Located behind the Quirino Grandstand in Luneta Park, Manila Ocean Park is one of the city's most popular family attractions. An oceanarium covering an area of 8,000 square meters (86,000 square feet), this attraction is fun, entertaining and educational for kids and adults of all ages. Among its most popular features is the underwater acrylic tunnel that allows visitors to view ocean life first-hand; the Musical Fountain Show that offers a dazzling show of fire, music and lasers; and the Fish Spa, which offers pampering and relaxation. Open 365 days a year, including holidays, this is one of Manila's must-see attractions.
This is where Presidents of the Philippines traditionally take their oath of office and deliver their first address to the nation (Joseph Estrada broke with tradition and had his inauguration at Barasoain Church, site of the drafting of the Philippines' first democratic constitution). Many important political, cultural and religious events in the post war era have been held here, including the mammoth festivities that capped the 1998 Philippine Centennial Celebration. Marking a hundred years since the declaration of independence from Spain, the festivities culminated in the greatest fireworks display ever witnessed over Manila Bay.
Immediately after his execution by a firing squad on 30 December 1896, the body of Filipino nationalist martyr Dr. Jose Rizal was hastily buried by the Spanish authorities in a makeshift grave which was intentionally mis-marked so as to mislead his followers. Rizal's remains were exhumed two years later and moved to the family home where they remained until 1912, when they were once more exhumed and laid to rest beneath this monument. Guarded by sentries dressed in full regalia, the Rizal Monument stands as a symbol of Filipino nationhood.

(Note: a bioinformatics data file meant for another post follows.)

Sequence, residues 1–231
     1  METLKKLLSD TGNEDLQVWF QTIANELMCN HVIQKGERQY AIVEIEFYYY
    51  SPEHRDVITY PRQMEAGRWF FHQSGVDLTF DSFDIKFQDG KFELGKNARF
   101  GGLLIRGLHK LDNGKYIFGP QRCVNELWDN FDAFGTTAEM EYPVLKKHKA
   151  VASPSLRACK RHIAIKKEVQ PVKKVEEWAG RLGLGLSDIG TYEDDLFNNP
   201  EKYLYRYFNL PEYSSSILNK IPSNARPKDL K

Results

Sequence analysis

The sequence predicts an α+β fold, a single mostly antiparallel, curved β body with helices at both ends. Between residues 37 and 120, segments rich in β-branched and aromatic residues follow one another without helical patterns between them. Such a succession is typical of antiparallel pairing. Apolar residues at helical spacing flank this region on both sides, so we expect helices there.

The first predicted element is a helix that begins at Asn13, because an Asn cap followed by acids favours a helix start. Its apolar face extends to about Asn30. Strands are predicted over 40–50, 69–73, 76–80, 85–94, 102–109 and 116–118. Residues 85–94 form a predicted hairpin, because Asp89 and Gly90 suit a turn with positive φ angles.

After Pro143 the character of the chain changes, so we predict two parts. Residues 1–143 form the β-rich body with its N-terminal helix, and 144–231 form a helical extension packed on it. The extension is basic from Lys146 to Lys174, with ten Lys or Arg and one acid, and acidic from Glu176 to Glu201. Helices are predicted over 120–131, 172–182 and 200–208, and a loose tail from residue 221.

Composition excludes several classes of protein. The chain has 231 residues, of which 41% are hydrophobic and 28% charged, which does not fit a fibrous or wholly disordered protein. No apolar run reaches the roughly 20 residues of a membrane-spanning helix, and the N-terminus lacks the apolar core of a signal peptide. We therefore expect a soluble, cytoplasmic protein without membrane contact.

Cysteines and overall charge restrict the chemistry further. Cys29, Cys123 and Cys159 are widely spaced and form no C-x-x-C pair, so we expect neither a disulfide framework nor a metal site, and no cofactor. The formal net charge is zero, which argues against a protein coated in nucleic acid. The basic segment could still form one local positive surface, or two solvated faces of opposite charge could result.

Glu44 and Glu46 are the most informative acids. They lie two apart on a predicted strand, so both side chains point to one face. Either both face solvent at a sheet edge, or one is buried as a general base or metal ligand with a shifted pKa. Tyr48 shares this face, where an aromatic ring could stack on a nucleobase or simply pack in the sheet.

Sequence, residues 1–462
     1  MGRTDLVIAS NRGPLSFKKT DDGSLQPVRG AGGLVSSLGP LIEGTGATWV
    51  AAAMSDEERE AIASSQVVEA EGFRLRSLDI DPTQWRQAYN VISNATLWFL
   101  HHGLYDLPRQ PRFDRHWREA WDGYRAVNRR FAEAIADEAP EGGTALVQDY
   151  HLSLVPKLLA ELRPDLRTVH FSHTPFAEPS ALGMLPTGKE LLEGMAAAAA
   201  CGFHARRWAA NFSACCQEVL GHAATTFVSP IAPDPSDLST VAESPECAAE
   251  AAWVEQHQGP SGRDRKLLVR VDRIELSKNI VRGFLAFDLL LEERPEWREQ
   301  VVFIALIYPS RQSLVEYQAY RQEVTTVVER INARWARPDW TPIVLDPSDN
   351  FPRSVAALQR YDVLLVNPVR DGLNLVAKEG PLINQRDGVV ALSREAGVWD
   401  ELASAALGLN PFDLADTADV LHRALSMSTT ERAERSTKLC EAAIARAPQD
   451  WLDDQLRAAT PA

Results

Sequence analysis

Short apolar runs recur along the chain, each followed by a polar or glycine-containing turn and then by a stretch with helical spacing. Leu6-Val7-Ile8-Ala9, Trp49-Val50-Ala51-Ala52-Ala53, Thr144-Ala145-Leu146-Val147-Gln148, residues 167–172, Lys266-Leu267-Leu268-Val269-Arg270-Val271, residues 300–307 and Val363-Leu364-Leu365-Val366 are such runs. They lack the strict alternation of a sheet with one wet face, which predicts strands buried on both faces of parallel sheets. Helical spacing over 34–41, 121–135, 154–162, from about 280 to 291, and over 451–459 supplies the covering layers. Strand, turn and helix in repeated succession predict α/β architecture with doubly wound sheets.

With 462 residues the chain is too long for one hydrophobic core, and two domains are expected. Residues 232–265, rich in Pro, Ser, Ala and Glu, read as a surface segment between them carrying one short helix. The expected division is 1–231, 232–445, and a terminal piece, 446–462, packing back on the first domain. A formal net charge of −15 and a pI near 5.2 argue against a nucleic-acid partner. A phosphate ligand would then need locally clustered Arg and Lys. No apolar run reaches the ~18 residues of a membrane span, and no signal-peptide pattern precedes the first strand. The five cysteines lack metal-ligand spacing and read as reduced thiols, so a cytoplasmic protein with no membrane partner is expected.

Established in 2001, the Museum of Philippine Political History was set up in order to educate the people about the functioning of various government systems that shaped the political scenario for the country. Hereby, it sheds more light on the trend of developments each government has taken in the past, and helps encourage action so as to help safeguard the republican values.
Dr. Jose Rizal was sentenced to death by the Spanish colonial authorities on the grounds that the nationalist ideas contained in his two novels (Noli Me Tangere and El Filibusterismo) were fomenting revolution. Rizal's death was a turning point in Philippine and, in a larger context, Asian history. The Philippine Revolution followed not long after his execution, ushering in Asia's first democracy. Here, on the actual site of his execution, eight clusters of life size bronze statues depict 'The Martyrdom of Dr. Jose Rizal', highlighted with an evening light and sound presentation.
Ermita (Spanish for "hermitage") Church takes its name from the fact that there once stood on this site a shrine and hermitage dedicated to a greatly venerated image of the Virgin Mary called Nuestra Senora de Guia, or Our Lady of Guidance. Legend has it that the image was found on a pandan bush along the shore of Manila Bay on the evening of May 19, 1571, the day the Spanish colonizers took over Manila. The image, believed to be miraculous, is still housed in this church. It has been declared "Archdiocesan Shrine of Nuestra Senora de Guia".